Bahrain State Media Posts Protester Death Sentences on YouTube

Bahrain expands its crackdown to the protest movement's medium of choice

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A Bahraini court sentenced four Shiite protesters to death and three others to life imprisonment today for running over two policemen with a vehicle during pro-democracy protests, prompting concerns that the verdict could inflame sectarian tensions in the Sunni-ruled kingdom. The men, who can appeal the verdict, had pleaded not guilty. Bahrain last issued a death sentence in 2007, and had sentenced only one other person to death in the previous three decades, according to Al Arabiya.

In reporting the verdicts, Bahrain's state-run news agency, BNA, harnessed a tool often associated with the protest movements in the Arab world: YouTube. BNA posted two English-subtitled videos on the site characterizing the protesters in Bahrain as "gangs of outlaws" and the seven men sentenced today as criminals. The videos air alleged confessions from accomplices in the policemen's killing and testimonials from relatives of the policemen.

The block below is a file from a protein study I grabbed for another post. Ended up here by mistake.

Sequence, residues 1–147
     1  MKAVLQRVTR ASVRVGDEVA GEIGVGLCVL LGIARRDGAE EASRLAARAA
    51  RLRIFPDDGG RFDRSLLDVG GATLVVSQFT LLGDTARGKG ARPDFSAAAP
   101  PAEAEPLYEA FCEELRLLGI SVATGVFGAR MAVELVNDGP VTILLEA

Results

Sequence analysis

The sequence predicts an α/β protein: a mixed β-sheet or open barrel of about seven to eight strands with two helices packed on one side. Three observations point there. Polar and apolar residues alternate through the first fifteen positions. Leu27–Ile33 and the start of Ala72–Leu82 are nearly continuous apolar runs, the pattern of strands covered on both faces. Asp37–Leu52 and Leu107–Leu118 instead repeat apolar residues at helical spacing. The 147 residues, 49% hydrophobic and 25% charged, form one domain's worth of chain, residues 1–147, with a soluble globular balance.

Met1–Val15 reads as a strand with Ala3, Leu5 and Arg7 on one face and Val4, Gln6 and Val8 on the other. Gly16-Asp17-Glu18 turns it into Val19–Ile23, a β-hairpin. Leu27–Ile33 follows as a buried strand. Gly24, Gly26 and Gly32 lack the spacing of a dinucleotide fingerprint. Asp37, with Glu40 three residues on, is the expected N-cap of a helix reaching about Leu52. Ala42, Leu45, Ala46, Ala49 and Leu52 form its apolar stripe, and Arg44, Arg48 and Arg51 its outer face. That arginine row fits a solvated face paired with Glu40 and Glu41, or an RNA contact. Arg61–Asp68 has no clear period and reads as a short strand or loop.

The first video explains, to rousing music, how Bahrain is a "land of love and peace" where people of "all creeds" live together and practice their religions freely, but then explains how, as revolutions broke out in the Arab world, people in Bahrain wanted to "take advantage of the changes in the region to ... implement their conspiracy after sugarcoating it with slogans of peacefulness." (We haven't posted the second video, which is very graphic, but you can find it here.)

This article is from the archive of our partner The Wire.